University of Pittsburgh
three small photographs depicting various religious icons

Department of Religious Studies

Events

Calendar of Events 2017-2018

Shrine to the goddess of good fortune, Inokashira Park, Tokyo

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All events are free and open to the public.

September October November December January February
March April
September 18, 2017

Workshop with Lucinda Ramberg on excerpts from her Given to the Goddess: South Indian Devadasis and the Sexuality of Religion

12:00p, 602 CL, Humanities Center
Open to faculty and graduate students. PDF of advanced reading 1. PDF of advanced reading 2.

Part of the Religious Studies "Queering Religion" Series. Cosponsored by the Provost's Year of the Humanities, Humanities Center, University Honors College, Asian Studies Center and Indo-Pacific Council, Departments of Anthropology and Sociology, and Programs in Gender, Sexuality & Women's Studies and Jewish Studies. Contact Jeanette Jouili

September 18, 2017

Who and What is Sex for? Notes on Theogamy and the Sexuality of Religion

Lucinda E.G. Ramberg, associate professor of Anthropology and Program in Feminist, Gender & Sexuality Studies, Cornell University

5:00p, 602 CL, Humanities Center

Lucinda Ramberg is a medical and sociocultural anthropologist and interdisciplinary scholar working at the intersection of several fields including feminist, postcolonial and queer theories; religion and secularism; medicine and the body; and South Asia. In addition to her award-winning Given to the Goddess: South Indian Devadasis and the Sexuality of Religion (2014), Dr. Ramberg is coeditor of Conjugality and Beyond: Sexual Economy, State Regulation and the Marital Form in India with Srimati Basu (2015). She is currently researching a book on "We Were Always Buddhist: Dalit Conversion and Sexual Modernity."

Part of the Religious Studies "Queering Religion" Series. Cosponsored by the Provost's Year of the Humanities, Humanities Center, University Honors College, Asian Studies Center and Indo-Pacific Council, Departments of Anthropology and Sociology, and Programs in Gender, Sexuality & Women's Studies and Jewish Studies. Contact Jeanette Jouili

September 25, 2017

Neuroethics of Implantable Brain Stimulation Devices

PROGRAM

8:30a-3:00p, University Club

Keynote lecture:

Implanted: Brain Stimulation Devices: Ethical, Legal, and practical issues

Hank Greely, JD, director, Stanford Center for Law and the Biosciences; director, Stanford Program in Neuroscience and Society; co-chair, Neuroethics Division of the NIH BRAIN Initiative Multi-Council Working Group

Invasive brain stimulation devices have great, and to some extent, already demonstrated potential, but, like all technologies, they come with a set of challenges. This talk will talk about ethical challenges arising from the relationship between the patients, doctors, and companies; the impact such technology may have on our sense of being human and being the source of our individuality; the legal issues arising from possible unintended effects of invasive brain stimulation; and practical issues, ranging from FDA and reimbursement considerations to public fears. It will also try to situate this technology, and the issues it raises, in relation to similar emerging neurotechnologies.

Cosponsor with the University of Pittsburgh Brain Center, Center for Philosophy of Science, Center for Bioethics & Health Law; Humanities Center; Pitt Law; Pitt Medicine; Medical Humanities; PIND; Honors Cllege, and CMU Center for Ethics & Policy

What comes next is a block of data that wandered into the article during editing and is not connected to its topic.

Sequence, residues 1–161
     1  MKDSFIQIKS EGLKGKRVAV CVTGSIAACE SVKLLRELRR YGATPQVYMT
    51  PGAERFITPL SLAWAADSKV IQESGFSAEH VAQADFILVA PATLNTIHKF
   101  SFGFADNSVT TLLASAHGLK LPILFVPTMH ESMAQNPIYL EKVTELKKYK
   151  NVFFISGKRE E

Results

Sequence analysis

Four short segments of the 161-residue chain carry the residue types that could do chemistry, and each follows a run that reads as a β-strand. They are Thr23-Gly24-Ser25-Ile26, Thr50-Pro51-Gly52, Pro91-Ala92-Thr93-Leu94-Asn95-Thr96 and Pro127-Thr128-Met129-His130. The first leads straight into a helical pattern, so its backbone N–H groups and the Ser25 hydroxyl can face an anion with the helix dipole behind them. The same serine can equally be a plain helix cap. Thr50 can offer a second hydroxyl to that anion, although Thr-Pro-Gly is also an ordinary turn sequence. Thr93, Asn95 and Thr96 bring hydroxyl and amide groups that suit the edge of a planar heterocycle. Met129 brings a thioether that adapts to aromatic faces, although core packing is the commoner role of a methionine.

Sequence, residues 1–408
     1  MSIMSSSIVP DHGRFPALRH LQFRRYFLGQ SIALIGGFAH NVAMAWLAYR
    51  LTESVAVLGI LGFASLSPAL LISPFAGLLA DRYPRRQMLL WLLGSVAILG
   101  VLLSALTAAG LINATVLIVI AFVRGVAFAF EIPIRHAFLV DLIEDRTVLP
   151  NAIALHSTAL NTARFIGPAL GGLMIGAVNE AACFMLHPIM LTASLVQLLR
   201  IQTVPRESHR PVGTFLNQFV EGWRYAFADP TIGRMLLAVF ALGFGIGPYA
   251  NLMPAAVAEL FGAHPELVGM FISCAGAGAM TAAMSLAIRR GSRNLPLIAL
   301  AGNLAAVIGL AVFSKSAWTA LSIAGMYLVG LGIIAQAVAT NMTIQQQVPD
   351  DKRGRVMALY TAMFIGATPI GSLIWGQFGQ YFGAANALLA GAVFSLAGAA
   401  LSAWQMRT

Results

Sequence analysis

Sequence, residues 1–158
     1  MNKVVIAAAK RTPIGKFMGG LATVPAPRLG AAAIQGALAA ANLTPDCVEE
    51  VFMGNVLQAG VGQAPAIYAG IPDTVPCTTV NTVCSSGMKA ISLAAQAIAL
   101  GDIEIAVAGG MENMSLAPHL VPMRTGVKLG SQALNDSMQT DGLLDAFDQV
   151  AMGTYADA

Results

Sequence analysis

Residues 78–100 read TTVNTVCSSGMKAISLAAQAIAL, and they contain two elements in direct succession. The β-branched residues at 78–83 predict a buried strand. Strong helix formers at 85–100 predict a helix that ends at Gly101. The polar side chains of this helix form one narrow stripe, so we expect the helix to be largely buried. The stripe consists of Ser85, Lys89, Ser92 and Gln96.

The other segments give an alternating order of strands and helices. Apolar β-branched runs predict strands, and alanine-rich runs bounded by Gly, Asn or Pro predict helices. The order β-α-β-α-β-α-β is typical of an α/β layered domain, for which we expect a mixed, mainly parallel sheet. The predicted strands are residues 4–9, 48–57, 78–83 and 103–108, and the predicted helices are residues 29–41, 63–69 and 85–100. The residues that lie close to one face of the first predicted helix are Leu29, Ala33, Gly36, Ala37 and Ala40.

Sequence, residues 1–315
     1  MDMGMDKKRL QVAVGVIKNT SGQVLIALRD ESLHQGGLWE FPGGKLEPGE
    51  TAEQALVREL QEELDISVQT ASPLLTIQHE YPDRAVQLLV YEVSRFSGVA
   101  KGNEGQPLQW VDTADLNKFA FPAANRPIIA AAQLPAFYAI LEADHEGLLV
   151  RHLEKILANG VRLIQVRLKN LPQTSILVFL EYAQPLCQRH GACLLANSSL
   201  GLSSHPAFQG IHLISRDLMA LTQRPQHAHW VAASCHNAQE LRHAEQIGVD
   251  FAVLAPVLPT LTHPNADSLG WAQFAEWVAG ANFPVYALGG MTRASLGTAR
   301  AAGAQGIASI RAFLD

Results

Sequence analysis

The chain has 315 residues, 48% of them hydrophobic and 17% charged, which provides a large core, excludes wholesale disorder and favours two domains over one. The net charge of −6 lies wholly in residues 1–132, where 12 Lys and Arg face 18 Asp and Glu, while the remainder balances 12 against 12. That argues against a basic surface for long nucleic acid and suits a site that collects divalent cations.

September 28-29. 2017

From Madness ot Medicine in Japanese Culture

Sepember 28, 9:00a-5p, Gold Room, University Club
September 29, 9:00a-2:30p, Gold Room,University Club
Full program

This symposium brings together a group of scholars from across the disciplines of anthropology, film,history, literature, the performing arts, and religious studies to interrogate the meanings of mental illness as they have been defined and transformed throughout Japanese history. Our intention is to bring intensive scrutiny to the particular cultural case of Japan. We begin with the premise that mental illnesses are in part cultural constructs, ones that have been the subject of interest and concern from earliest times.

Cosponsored with the Asian Studies Center and the Department of East Asian Languges and Literatures. This conference is
supported by the Japan Iron and Steel Federation and Mitsubishi Japan Studies endowments at the University of Pittsburgh.

October 13, 2017

Europe's Muslim Question

9a-5p, 4130 WWPH
Program Contact: Dr. Jeanette Jouili

In this one-day symposium, invited scholars will discuss the “Muslim Question” in contemporary Europe. Since 9/11, European public debates have increasingly cast local Muslim populations
not only as a security threat, but also in opposition to the secular and liberal values considered foundational for a European identity.
This symposium will investigate how successive public debates (and the policies they have enabled) have deployed specific languages of liberalism and secularism as well as European
Muslim responses to these debates. Do they defend their presence by employing some of theliberal languages Europe champions as its own or do they seek to employ alternative languages
that refuse the discursive framework in which Islam has been placed?

Attendance is free and open to the public, though advanced registration is required. Symposium sessions will be made available for remote interactive videoconference participation. For more information, contact adelnore@pitt.edu.

October 16, 2017

Fighting with Faith: Jewish Military Chaplains and the American State

 

Ronit Stahl, fellow of Medical Ethics & Health Policy,Perelman School of Medicine, University of Pennsylvannia

 

12 noon-1:30p, 501 CL
Jewish Studies Program's Lunch Colloquium